No: housepainting is representational.
And what does a housepainter represent?
Ten dollars an hour.
In other words, you don’t want to be serious--
It takes two to be serious.
Well let me see...oh yes, one more question: where will you live after this war is over?
In China; as usual.
China?
Of course.
Wherabouts in China? 
Where a painter is a poet.

from E. E. Cummings, A Miscellany Revised. Edited by George Firmage, New York: October House, 1965. 316-17.

Session 1 of 8 of the Form, Gesture, Anatomy workshop Brisbane, Australia

The latest version of my "Form, Gesture, Anatomy" Course got underway on Sunday.

Here are some photos from the day - thank you everyone involved and see you next Sunday to continue!

Enrolment is closed for this workshop but you can be added to the mailing list in the form to the right, to be updated about the schedule for the next session in Brisbane, Australia and Florence, Italy.

For more details and samples from the notes see the Form, Gesture, Anatomy page

For samples of the 3D models used in the notes, go to the blog and scroll down.

Clayfield College workshop - Life Drawing and Painting

In early February, I went to the art retreat for art students entering year 11 at Clayfield College, Brisbane, to deliver a workshop on drawing and painting the figure from life.  With the help of the wonderful head of art Madeleine Jones and teacher Samantha Paxton, we had a fun and successful day with a group of talented and enthusiastic students.  Thanks also to the terrific model, and also my wonderful and tireless partner Lynn who assisted with the workshop and did all the photography.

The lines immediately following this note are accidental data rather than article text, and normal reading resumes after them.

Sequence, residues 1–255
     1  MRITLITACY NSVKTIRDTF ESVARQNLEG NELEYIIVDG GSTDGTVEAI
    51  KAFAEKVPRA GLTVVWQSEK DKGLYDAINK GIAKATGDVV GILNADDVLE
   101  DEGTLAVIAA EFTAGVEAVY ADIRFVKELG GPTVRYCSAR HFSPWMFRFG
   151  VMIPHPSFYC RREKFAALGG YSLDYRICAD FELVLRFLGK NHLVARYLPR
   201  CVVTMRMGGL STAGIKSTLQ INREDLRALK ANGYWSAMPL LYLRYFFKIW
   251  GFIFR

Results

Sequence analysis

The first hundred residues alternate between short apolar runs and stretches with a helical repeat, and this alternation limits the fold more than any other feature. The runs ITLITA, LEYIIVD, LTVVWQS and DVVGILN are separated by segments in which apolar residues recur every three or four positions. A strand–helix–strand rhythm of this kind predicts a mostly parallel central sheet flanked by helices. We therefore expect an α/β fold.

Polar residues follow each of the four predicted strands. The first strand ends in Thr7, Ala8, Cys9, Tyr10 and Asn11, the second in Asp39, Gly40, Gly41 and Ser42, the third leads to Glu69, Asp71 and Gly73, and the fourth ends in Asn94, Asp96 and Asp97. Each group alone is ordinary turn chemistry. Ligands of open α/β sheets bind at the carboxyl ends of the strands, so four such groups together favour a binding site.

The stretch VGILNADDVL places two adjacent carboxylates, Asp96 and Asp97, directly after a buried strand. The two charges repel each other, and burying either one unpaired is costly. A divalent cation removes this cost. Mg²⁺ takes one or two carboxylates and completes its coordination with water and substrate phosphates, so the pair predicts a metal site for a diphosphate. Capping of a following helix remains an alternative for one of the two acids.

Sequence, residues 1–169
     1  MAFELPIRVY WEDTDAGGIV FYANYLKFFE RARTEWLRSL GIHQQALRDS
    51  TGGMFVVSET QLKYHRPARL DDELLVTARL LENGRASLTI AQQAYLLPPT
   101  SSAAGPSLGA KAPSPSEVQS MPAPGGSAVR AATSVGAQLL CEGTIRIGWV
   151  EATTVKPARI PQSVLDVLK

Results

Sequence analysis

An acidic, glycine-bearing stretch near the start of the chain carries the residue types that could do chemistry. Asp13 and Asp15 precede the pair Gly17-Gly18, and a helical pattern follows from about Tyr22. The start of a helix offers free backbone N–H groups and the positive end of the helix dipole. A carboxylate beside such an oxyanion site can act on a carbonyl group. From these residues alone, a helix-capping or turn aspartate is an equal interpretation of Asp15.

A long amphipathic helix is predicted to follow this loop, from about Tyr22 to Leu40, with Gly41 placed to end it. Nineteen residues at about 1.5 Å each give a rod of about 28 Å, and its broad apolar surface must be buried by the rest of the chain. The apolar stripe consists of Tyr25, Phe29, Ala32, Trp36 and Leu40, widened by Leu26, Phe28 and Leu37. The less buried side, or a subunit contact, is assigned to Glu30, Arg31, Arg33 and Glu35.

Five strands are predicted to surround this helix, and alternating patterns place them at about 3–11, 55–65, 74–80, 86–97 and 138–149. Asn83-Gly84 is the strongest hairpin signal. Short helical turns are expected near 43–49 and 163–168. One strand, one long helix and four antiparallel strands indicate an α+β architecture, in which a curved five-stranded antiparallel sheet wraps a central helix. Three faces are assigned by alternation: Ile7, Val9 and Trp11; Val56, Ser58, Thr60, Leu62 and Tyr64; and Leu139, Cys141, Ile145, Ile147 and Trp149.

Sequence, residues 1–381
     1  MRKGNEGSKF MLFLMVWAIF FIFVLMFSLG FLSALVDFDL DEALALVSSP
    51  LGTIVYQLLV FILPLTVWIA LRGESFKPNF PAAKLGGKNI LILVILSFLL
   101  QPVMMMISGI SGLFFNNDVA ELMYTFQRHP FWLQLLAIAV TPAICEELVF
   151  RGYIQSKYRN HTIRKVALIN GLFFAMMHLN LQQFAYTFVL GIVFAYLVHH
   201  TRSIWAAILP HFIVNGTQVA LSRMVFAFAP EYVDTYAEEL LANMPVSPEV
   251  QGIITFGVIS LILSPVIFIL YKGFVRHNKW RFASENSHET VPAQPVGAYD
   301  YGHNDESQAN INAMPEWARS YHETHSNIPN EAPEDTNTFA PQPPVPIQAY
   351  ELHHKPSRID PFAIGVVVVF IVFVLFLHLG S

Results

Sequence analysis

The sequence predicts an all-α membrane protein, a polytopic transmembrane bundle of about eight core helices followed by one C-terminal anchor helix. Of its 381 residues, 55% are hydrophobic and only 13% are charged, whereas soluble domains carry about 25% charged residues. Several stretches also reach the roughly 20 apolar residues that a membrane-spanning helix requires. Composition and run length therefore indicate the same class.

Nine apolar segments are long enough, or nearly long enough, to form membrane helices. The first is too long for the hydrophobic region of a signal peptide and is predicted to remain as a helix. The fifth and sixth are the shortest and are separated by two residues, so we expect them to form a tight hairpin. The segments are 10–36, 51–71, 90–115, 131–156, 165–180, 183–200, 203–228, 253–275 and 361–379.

If you are interested in having me do a workshop for your school, art group or other institution, please contact me for further information and a quote.  You can also find out about my availability in Brisbane, Australia and Florence, Italy, through the year here.

Here are some photos from the day.

 

3D printed Ecorche models for the Form, Gesture, Anatomy Course

As well as the digital 3d models presented in the online notes (embedded from Sketchfab.com as in some of the blog posts below) I like to have physical models that students can hold in their hand and compare to their work.  Here are two of the models I have printed for the March 2016 course - one for the deeper layers of muscles of the torso and one of the completed figure.  Both will be painted to match the colours used in the course.


Form, Gesture, Anatomy Workshop now full...

Update: At 17th February 2016 this course is full.  

To register for the waiting list in case someone cancels, please register your email address via the contact form.  

I will run this course again next year around the same time, after returning from Florence in February 2017.